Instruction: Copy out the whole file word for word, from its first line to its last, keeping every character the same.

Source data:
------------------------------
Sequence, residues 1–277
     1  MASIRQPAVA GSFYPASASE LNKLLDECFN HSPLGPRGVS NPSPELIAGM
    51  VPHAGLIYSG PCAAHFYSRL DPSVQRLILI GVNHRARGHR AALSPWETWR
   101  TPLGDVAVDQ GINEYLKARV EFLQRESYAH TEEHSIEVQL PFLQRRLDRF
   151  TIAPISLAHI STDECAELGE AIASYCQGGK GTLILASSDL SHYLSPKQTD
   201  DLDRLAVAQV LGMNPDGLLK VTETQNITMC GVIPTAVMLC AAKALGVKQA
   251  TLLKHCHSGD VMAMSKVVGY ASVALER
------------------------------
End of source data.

Sequence, residues 1–277
     1  MASIRQPAVA GSFYPASASE LNKLLDECFN HSPLGPRGVS NPSPELIAGM
    51  VPHAGLIYSG PCAAHFYSRL DPSVQRLILI GVNHRARGHR AALSPWETWR
   101  TPLGDVAVDQ GINEYLKARV EFLQRESYAH TEEHSIEVQL PFLQRRLDRF
   151  TIAPISLAHI STDECAELGE AIASYCQGGK GTLILASSDL SHYLSPKQTD
   201  DLDRLAVAQV LGMNPDGLLK VTETQNITMC GVIPTAVMLC AAKALGVKQA
   251  TLLKHCHSGD VMAMSKVVGY ASVALER